United Global Services and Premier 1k status is awarded to people who have probably spent more time on United flights in their lives than I have in a car, so it makes sense that the airline would grant them a special privilege. Similar observations can be made about Group 1, which also consists of slightly-less-frequent fliers.

Group 2 is where the first bit of ugliness arises. Pay special attention to that second bullet, which informs you that customers who have purchased Premier Access or Priority Boarding will board ahead of their fellow everyday person. United says Premier Access and Priority Boarding are both available starting at $15. I went through the motions of booking a flight from Sacramento to Chicago on United on January 20th, and Priority Boarding was offered at $34, or $17 per flight. I was not offered the ability to purchase Premier Access

A sample United Airlines itinerary showing pre-boarding cosing $34
I created this itinerary on United’s website using real flight options.

Already we are offered the ability to abandon our fellow non-status traveler for less than the cost of an Xbox game. On top of which, United further divides the basic ticket into groups 3, 4, and 5 as Economy Plus, United Economy, and Basic Economy respectively. What is the difference between the three types of economy tickets? I’ve been reading through their website for an hour during my research for this piece and I could hardly tell you the difference. Basic Economy is the most restrictive in that you cannot pick your seat and have to pay change fees if you need to rearrange your plans. It appears that Economy Plus gives you extra legroom, leaving United Economy as the actual regular ticket.

Despite the minor differences in what each fare gets you, United is happy to strictly divide each Economy class into separate boarding groups, unless you pay to board with the higher paying passengers. Anyone who buys an Economy ticket is seeking the same thing – to travel from Point A to Point B at the cheapest price possible. Anyone who books a business or first class fare is either traveling on their company’s dime or can afford to make that journey from Point A to Point B as pleasurable as possible.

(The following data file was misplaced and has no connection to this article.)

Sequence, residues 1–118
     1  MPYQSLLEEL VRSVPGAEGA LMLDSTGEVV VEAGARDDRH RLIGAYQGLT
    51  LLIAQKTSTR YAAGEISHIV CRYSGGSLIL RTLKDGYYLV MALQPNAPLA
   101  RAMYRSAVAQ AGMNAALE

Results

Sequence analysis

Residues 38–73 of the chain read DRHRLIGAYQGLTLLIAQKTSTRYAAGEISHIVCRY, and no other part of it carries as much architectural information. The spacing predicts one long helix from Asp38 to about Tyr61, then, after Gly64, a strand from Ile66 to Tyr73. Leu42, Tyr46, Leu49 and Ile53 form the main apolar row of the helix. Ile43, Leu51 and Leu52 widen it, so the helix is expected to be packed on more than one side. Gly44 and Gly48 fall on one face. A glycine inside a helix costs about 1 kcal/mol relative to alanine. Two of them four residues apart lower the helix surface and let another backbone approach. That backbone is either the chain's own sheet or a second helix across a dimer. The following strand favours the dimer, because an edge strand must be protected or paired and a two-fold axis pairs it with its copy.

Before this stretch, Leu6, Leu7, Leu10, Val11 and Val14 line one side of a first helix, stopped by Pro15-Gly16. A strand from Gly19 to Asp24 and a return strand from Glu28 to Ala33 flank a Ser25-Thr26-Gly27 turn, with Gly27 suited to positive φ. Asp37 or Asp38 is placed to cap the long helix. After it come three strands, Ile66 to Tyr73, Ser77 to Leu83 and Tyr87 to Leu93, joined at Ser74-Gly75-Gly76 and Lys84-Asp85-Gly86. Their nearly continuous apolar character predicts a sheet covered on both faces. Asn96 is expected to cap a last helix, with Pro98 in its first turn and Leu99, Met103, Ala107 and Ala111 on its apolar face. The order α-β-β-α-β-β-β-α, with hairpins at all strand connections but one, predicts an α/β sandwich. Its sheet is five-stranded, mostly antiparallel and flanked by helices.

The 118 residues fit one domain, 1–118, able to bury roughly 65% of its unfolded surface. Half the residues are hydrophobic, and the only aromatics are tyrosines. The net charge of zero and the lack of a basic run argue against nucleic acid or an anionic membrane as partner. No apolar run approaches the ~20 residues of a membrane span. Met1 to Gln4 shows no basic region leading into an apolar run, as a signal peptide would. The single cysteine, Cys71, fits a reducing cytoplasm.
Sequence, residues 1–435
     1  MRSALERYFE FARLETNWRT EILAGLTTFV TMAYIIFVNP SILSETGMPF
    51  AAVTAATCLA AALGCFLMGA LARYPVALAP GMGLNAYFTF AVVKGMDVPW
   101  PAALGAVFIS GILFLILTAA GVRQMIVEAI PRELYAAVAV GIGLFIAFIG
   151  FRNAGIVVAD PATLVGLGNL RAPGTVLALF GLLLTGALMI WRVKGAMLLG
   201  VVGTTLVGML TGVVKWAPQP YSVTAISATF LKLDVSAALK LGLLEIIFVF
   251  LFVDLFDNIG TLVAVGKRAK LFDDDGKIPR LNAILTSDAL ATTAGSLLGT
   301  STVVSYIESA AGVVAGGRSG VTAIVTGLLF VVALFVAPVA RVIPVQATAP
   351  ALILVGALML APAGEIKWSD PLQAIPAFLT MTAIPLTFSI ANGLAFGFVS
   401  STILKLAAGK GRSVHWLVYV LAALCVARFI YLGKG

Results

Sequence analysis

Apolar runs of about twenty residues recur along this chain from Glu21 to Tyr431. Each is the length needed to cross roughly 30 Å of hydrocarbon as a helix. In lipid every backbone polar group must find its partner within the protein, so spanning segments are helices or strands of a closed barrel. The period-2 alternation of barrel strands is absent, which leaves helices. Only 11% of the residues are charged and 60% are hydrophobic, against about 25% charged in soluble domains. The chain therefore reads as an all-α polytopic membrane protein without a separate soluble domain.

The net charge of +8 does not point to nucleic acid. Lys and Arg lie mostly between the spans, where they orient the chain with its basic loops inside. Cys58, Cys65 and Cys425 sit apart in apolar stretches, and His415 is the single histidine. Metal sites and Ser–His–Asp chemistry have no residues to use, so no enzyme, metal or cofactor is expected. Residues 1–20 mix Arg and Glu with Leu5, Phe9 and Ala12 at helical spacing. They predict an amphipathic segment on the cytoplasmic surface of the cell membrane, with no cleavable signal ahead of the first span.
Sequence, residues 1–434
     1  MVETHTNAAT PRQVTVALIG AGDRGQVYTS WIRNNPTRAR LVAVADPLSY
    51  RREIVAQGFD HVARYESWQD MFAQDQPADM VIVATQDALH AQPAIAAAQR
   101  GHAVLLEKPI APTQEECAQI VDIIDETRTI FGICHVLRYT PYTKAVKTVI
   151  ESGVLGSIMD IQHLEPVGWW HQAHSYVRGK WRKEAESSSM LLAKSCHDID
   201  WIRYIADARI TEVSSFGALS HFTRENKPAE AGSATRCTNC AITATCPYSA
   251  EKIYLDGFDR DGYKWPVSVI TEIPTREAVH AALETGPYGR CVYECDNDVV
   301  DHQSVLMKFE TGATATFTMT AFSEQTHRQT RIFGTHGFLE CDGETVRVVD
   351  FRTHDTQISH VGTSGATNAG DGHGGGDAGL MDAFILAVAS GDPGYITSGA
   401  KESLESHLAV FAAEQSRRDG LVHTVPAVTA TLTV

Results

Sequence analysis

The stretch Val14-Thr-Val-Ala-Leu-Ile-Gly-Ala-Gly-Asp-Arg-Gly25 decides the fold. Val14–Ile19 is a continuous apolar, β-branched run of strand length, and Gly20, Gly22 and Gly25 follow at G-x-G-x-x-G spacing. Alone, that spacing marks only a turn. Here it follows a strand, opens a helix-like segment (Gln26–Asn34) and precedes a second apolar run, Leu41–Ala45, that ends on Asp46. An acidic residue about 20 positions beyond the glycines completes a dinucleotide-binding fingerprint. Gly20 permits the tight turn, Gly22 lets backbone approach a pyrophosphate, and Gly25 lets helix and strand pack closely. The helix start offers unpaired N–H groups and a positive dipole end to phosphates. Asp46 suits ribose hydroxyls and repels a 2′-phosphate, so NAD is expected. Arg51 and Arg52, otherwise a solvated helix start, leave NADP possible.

In a better world, these would be the only two boarding groups, the premium fares and the rest of the plane. In a truly just world, there would be no divide at all, but I will keep my aspirations semi-reasonable for the sake of this argument. The airlines with their boarding groups serve as a microcosm of the rest of this nation. Companies are happy to charge regular people for the privilege of superficially differentiating themselves from people just like them, artificially dividing all who would otherwise unite in a common struggle. 

But does this actually matter? Beyond freshman-dorm level griping about an egalitarian society, does it really make a difference to anyone else if someone is willing to waste $40 to sit on an airplane for an extra 10 minutes?

It does. Because the haphazard grouping process that most American airlines use is wasting everyone’s time. A 2008 paper from astrophysicist Jason Steffen proved mathematically that the boarding process airlines use is incredibly wasteful. There are a variety of better methods outlined by Steffen in his paper, which are represented visually in a brilliant YouTube video from the channel CGP Grey. 

But since everyone has been duped into chasing status and paying for privilege, on airlines as in everywhere else, there is no united front of Economy fare travelers calling for change. The premium fare passengers already enjoy extensive benefits and have no reason to want the boarding process to improve. The airlines themselves glean extra profits from every Economy passenger who is willing to break from their class and pay extra to pretend to be traveling in premium class.

Therefore, it falls to those of us seated in the back next to the restroom, subsisting on the free pretzels, and suffering through a four-hour layover in Cleveland, to stand together as Economy passengers. Stop paying for boarding group upgrades. Get the attention of the airlines, convince them to improve the boarding process, and earn us all 25 minutes of our lives back every time we take a flight.

Ben Testani
Ben Testani is a freelance writer and young professional. Though originally from Central New York, he is currently based out of Sacramento, California. He enjoys basketball, noise-cancelling headphones, and the National Parks Service.